GUNS OF THE DAWN

PrintE-mail Written by Ed Fortune

BOOK REVIEW: GUNS OF THE DAWN / AUTHOR: ADRIAN TCHAIKOVSKY / PUBLISHER: TOR / RELEASE DATE: OUT NOW

Adrian Tchaikovsky is better known for his vast and sweeping Shadows of the Apt fantasy series, a set of novels that gained a cult following partially due to their clever use of simple ideas implemented in complex ways. His latest work, Guns of the Dawn is a flintlock fantasy adventure that can easily be described as Pride and Prejudice versus Sharpe.

To put it another way, Guns of the Dawn is the story of Emily Marshwic, a high society lady with wit and pragmatism (much like Elizabeth Bennet from Austen’s famous book). She had a pretty good life until the neighbouring nation decided to rid itself of their monarchy and have violent and bloody revolution.  With all the men in her family either dead, at the front, or both, the state demands that she pick up a flintlock and go to war. This she does, and doing so, is plunged into a world of violence and intrigue that far surpasses anything one finds in a Sunday tea-time period drama.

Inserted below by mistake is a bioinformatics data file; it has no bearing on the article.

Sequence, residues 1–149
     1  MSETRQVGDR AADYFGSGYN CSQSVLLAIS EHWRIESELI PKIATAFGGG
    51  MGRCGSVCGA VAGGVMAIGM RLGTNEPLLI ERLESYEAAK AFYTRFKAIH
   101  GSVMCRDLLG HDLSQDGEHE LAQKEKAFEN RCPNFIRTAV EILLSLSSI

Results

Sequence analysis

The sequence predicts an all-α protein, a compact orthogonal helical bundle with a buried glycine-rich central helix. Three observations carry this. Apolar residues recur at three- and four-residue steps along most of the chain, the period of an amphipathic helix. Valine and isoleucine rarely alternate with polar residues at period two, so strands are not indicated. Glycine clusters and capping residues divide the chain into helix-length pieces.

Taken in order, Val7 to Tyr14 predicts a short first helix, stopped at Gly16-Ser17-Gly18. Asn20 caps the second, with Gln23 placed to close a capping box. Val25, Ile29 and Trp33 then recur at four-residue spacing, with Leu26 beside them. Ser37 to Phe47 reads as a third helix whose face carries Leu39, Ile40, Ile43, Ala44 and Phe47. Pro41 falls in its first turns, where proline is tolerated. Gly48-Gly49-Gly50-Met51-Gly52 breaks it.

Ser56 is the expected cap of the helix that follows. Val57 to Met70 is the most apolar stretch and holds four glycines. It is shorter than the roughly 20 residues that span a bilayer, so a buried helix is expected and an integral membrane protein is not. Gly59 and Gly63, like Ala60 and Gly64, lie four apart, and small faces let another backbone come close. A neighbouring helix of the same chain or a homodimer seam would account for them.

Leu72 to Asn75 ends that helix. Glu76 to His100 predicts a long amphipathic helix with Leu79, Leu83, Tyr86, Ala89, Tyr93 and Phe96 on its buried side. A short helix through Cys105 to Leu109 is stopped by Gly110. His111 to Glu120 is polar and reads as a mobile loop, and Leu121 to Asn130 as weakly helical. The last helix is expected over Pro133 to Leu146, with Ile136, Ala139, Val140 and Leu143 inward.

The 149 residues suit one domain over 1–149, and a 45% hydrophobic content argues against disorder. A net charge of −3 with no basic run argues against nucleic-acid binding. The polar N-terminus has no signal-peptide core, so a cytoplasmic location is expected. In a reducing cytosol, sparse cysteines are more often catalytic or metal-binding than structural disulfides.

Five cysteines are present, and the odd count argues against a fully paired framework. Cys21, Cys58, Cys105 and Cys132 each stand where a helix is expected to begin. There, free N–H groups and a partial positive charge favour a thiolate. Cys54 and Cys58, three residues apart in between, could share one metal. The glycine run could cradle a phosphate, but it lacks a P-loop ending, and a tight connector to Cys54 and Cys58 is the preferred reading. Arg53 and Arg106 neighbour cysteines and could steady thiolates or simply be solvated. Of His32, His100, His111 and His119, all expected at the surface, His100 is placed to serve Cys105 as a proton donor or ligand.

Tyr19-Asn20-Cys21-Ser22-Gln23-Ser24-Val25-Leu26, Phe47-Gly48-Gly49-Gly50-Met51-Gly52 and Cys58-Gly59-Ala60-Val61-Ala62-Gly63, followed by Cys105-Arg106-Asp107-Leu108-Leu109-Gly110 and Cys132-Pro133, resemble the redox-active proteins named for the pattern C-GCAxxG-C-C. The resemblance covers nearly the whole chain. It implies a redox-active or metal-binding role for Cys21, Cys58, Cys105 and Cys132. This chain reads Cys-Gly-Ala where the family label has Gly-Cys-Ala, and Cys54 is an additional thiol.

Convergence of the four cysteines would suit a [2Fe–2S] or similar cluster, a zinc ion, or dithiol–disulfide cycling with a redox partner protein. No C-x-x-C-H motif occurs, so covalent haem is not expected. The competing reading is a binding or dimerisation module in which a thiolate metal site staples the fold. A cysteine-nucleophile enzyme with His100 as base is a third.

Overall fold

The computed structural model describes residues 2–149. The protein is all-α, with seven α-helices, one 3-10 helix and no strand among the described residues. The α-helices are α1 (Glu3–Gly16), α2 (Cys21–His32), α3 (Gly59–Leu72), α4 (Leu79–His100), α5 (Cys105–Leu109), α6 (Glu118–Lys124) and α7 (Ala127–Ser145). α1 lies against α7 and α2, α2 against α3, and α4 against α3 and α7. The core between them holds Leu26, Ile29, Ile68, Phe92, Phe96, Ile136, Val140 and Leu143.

World building is steady and relentless; this is a fantasy novel with muskets, magic, war machines and social hierarchies. The reader is never overwhelmed with exposition, but it is a dense world and it’s a credit to the skill of the author that both the world and the characters contain plenty of surprises.

Guns of the Dawn does have its flaws, though. Tchaikovsky’s flowing style gets carried away sometimes and, with this being a book that is just shy of 700 pages long, some scenes could be shorter. There are two scenes, one physical and the other psychological, which might be a little bit too much for more sensitive tastes, though we recommend ploughing on as they are both worth the pay-off.

Guns of the Dawn is one of those books that you should set aside a quiet evening for; it’s a standalone story written in a linear sort of way. Combined with the author’s style, this means you’ll want to swallow it in one gulp. This is a book to enjoy as part of an evening’s self-indulgence and is strongly recommended.
 

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